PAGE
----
Lenovo Yoga 9i Review – Reaching Excellency
The Lenovo Yoga 9i is a compact 2-in-1 laptop that brings a surprisingly solid host of multimedia features built on the Intel Evo platform. Is it worth your money? Let's find out.
2-year Premium Care
+ Solid build quality
+ Reliable performance
+ Touchscreen display
+ Versatile and portable
+ Surprisingly good speakers
+ Comfortable keyboard
+ More than adequate memory capacity
+ Great battery life with USB-C charging
+ Thunderbolt 4
- Could use more ports
- Design is a little too bland
Unboxing the Lenovo Yoga 9i
Let’s kick off our Lenovo Yoga 9i review with the unboxing. Inside the box, you will be able to find the following items:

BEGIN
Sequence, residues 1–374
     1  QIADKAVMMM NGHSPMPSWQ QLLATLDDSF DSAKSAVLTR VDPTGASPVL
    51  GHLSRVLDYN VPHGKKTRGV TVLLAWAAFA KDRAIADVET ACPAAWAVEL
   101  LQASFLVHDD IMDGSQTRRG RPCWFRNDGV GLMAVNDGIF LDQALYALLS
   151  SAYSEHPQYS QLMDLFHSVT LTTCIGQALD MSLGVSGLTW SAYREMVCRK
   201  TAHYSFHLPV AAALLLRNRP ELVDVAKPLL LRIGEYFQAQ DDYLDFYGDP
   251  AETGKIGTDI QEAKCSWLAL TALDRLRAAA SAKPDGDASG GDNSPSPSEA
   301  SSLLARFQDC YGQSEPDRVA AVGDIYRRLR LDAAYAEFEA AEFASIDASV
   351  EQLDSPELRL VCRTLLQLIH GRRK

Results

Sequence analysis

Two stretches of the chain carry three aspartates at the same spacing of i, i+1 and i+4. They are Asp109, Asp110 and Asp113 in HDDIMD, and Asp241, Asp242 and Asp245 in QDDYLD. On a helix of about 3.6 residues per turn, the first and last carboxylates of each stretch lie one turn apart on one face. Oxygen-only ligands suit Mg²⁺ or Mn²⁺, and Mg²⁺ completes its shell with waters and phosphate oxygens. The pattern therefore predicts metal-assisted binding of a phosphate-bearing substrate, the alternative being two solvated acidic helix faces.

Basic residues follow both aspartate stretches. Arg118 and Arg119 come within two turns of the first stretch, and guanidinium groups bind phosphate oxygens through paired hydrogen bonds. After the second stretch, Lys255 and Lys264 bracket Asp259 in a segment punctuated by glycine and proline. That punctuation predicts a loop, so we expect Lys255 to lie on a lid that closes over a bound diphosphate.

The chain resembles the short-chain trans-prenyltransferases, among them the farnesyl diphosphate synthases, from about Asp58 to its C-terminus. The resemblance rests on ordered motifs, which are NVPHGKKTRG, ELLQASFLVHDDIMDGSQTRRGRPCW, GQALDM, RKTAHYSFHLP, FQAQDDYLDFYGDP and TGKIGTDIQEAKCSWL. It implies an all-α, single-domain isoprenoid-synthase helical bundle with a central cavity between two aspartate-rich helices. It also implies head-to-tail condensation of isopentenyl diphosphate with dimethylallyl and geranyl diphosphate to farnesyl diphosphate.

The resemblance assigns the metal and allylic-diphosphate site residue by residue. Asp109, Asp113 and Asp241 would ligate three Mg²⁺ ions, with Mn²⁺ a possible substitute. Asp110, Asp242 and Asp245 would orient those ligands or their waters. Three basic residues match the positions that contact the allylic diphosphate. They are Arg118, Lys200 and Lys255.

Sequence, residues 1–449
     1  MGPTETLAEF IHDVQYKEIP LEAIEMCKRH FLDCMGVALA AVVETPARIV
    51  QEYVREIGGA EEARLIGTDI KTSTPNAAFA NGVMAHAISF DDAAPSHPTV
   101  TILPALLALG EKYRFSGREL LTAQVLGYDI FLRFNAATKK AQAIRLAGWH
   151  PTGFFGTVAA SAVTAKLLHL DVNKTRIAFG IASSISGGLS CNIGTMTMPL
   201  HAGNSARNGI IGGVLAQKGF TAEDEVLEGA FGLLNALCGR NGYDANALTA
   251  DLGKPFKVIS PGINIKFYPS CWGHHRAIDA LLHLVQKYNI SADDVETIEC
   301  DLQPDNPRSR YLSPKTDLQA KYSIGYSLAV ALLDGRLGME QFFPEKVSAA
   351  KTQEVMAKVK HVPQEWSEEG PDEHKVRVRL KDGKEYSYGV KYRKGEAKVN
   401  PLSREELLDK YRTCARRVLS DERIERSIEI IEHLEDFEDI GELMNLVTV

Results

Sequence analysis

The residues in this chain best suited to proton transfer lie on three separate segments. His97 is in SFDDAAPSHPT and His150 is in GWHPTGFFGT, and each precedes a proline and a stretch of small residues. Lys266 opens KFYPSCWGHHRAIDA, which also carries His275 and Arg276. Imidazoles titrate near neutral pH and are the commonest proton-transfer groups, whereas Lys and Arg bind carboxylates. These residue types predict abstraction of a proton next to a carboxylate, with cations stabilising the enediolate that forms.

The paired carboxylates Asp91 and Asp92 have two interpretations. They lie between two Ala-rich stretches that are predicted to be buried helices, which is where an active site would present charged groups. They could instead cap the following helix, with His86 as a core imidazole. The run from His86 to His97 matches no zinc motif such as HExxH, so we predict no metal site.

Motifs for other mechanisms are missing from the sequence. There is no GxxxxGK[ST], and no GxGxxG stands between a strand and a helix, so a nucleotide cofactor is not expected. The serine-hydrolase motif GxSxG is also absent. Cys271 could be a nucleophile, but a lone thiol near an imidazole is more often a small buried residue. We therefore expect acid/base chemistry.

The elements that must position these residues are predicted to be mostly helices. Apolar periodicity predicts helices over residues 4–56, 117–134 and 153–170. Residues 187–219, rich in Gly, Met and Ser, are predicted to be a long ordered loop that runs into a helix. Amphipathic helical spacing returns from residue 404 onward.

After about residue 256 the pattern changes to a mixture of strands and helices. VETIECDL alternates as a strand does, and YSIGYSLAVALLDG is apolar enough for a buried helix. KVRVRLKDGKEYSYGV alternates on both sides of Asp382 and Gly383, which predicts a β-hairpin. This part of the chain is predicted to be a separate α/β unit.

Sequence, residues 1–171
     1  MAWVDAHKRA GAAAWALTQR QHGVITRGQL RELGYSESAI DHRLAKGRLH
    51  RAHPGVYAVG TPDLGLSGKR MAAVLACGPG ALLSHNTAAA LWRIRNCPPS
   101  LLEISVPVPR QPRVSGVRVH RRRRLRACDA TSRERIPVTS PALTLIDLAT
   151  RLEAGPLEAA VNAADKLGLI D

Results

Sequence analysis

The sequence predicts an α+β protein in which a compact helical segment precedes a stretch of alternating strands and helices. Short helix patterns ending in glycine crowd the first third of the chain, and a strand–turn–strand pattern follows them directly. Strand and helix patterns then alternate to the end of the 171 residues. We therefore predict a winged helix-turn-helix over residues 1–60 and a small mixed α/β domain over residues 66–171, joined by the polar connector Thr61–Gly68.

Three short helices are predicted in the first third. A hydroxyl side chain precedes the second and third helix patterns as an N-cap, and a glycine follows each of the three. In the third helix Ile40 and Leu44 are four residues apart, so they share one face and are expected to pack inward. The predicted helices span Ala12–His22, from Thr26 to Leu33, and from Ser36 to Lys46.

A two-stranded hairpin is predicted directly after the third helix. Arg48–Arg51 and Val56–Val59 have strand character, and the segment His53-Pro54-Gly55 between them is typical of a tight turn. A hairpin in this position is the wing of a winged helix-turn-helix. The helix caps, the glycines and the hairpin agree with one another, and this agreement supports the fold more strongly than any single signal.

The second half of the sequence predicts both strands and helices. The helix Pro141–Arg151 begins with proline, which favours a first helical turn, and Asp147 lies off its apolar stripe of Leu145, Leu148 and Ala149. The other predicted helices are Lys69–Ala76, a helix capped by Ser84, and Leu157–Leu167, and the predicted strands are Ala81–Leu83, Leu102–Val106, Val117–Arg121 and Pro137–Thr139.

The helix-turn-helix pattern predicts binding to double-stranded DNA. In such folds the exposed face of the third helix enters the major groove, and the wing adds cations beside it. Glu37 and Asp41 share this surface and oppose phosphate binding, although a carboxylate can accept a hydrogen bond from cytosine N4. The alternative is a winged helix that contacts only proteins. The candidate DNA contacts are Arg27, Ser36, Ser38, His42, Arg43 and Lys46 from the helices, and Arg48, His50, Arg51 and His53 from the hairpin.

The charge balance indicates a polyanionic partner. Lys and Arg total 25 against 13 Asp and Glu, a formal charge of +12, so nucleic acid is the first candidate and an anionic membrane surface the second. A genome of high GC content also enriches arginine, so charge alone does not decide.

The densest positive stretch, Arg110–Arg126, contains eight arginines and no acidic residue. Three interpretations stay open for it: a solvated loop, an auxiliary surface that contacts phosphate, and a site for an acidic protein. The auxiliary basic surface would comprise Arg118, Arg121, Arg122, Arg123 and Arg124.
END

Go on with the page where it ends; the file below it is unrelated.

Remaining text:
- 65W power adapter
- USB-C cable
- Lenovo 3-in-1 USB-C hub
- User guide
- Safety and warranty guide
- The Lenovo Yoga 9i laptop itself
The Lenovo Yoga 9i is an ultraportable 2-in-1 productivity laptop. It has a more corporate look given the clean, classier look, although it doesn’t look as bland as the ThinkPad laptops. Looking at the lid, you have the Yoga logo on the top-left corner and the Lenovo logo on the hinge towards the bottom-right corner taking up a smaller space. It has an all-metal build, with our review unit being in silver and the lid has a matte finish rather than a glossy one.
Open up the lid and you’ll see the 14-inch Full HD IPS display with slim bezels on 3 sides, with the bottom bezel being the thickest. The top bezel has a slight bump in the center, which is most likely needed to fit the webcam in. You also get a white-backlit chiclet keyboard sans Numpad, a trackpad, fingerprint reader, and some product labels.